Get a Clue with an Unconventional Murder Mystery Flick

It’s never been a secret that I adore murder mysteries, especially ones by Agatha Christie. This has passed on to board games, where the main objective of the popular game “Clue” is to find out who killed a character by the name of Mr. Black, in what room, and with which implement.

The plot of the 1985 Johnathan Lynn flick of the same name is not unlike this setup. It retains the setup of having six eccentric individuals with colour coded pseudonyms being brought to the posh Washington based manor house of Mr Black (renamed here as “Mr Boddy”) (Lee Ving), who is blackmailing each of them for a series of scandalous misdemeanors.

They consist of batty senator’s wife Mrs Peacock (Eileen Brennan), absentminded Colonel Mustard (Martin Mull), scarlet woman Miss Scarlet (Lesley Ann Warren), the lustful and corrupt Professor Plum (Christopher Lloyd), serial black widow Mrs White (Madeline Kahn) and timid, ambiguous homosexual Mr Green (Michael McKean). Under the guidance of Boddy’s loyal butler Wadsworth (Tim Curry) and flirtatious French maid Yvette (Colleen Camp), the six suspects soon find themselves embroiled in a murder plot. When Boddy turns up dead, the suspects must try to uncover who offed him so that they can save their reputations and stop the body count from increasing. But the three different endings complicate this straightforward plan…

“Clue” is one of those movies where you can tell that the actors were enjoying themselves immensely while filming it. These instances include Wadsworth gleefully having a tiff with Miss Scarlet as to how many bullets are left in a gun, to Madeline Kahn randomly seguing into a monologue about how she hated a particular person so much that it left “flames on the sides of her face”. Watching the other actors stare at her bemusedly is even more hysterial when you learn that she ad libbed that line on the spot.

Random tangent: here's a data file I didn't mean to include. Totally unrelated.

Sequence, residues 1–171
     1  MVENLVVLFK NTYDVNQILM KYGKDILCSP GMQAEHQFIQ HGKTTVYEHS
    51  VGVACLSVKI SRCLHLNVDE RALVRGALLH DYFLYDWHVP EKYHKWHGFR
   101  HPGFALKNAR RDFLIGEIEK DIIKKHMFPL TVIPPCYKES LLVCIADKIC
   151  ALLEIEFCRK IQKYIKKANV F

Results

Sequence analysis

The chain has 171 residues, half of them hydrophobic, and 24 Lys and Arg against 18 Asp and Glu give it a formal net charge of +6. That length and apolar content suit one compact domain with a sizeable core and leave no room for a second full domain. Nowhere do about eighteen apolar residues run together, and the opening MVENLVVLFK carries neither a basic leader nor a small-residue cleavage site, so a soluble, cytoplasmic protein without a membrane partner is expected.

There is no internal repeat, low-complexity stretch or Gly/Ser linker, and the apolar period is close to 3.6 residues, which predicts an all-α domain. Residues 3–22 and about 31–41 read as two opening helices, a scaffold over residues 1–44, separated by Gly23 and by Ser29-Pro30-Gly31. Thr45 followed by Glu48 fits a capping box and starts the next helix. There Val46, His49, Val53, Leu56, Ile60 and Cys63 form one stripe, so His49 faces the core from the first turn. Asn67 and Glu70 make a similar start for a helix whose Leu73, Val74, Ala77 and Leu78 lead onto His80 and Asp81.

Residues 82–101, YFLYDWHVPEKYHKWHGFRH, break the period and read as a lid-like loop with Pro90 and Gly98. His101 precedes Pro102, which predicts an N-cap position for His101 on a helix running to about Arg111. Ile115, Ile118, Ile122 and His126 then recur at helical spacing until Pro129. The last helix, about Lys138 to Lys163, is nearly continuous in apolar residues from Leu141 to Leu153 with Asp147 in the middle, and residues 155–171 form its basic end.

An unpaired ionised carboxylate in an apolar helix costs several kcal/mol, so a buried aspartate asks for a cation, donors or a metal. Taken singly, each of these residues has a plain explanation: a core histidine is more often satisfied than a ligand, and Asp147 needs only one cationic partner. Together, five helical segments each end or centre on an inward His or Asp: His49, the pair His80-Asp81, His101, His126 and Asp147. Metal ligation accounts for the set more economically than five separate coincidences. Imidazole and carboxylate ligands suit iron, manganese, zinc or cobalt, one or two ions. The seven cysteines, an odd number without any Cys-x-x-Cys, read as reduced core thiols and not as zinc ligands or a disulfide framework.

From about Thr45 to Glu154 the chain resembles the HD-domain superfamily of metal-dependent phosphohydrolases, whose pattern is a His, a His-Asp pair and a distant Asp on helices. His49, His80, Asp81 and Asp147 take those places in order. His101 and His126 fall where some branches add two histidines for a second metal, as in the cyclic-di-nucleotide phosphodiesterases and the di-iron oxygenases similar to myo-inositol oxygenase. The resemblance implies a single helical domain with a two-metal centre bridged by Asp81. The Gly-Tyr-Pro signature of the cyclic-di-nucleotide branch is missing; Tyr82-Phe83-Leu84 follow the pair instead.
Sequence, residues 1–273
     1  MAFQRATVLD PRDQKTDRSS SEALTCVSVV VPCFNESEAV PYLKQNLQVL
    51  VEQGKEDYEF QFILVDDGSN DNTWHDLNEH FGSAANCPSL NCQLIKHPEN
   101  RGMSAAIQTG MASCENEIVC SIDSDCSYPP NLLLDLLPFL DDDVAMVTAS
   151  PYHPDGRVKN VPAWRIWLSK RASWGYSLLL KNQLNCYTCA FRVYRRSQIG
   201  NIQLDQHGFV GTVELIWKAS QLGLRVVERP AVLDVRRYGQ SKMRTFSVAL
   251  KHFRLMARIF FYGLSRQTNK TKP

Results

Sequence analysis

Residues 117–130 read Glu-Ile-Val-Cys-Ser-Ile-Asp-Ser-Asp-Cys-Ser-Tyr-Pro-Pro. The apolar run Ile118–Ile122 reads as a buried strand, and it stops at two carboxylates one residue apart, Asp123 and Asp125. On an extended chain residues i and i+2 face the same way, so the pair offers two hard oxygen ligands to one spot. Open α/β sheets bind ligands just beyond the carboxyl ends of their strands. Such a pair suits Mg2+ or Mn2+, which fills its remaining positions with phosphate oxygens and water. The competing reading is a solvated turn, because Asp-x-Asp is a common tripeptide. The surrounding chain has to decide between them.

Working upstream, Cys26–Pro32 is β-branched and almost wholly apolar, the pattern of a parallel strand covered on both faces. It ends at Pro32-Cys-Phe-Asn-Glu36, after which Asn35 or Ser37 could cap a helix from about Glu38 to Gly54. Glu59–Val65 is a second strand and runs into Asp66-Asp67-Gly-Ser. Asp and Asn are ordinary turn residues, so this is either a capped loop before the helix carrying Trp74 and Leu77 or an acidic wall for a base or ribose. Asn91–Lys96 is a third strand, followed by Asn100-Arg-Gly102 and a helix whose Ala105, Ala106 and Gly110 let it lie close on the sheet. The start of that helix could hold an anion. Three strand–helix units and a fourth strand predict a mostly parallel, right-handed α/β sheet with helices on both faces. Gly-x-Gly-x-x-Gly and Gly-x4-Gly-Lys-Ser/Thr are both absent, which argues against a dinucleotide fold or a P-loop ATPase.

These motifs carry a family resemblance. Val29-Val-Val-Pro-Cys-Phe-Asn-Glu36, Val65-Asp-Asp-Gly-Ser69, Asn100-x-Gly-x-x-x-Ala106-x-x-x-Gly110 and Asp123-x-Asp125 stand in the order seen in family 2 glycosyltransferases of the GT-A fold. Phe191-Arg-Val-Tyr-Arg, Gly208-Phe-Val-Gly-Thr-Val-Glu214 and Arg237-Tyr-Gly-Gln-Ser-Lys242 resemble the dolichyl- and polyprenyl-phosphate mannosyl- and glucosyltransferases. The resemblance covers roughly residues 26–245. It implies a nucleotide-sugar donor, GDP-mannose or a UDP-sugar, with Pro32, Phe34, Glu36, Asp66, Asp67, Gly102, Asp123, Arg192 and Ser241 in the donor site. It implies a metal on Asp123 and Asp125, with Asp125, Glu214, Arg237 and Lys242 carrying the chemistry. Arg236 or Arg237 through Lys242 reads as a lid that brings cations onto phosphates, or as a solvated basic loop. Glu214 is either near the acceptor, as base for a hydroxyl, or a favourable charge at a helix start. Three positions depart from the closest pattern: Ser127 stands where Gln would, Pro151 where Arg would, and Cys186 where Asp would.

One thing that sets “Clue” apart from films of a similar concept is that it contains not one, not two, but three different endings. When the movie was originally released in December of 1985, cinemas typically aired one ending each. This meant that some moviegoers had to flock to multiple showings in order to view all three endings. However, the DVD version naturally plays all three endings back to back, so that nothing is missed.

I’d recommend watching this movie for the physical comedy and the one-liners as opposed to the actual plot. The premise itself isn’t terrible in any way, it’s just that I find that the joke eclipse it more often, particularly any uttered by Tim Curry, who is just as strong here as he was in “Rocky Horror Picture Show”.

In conclusion, if you like quirky, complicated parodies of murder thrillers, then “Clue” is for you. If not, then watch an Agatha Christie adaptation such as “And Then There Were None”, also about a group of strangers being lured into a mansion, only for death to loom on the horizon. “Clue” gets 3 and a half stars from me.


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I am a lover of books, 80's movies and simply acting of any kind! My blog is mainly about sharing my enjoyment of these interests with people with similar pastimes.

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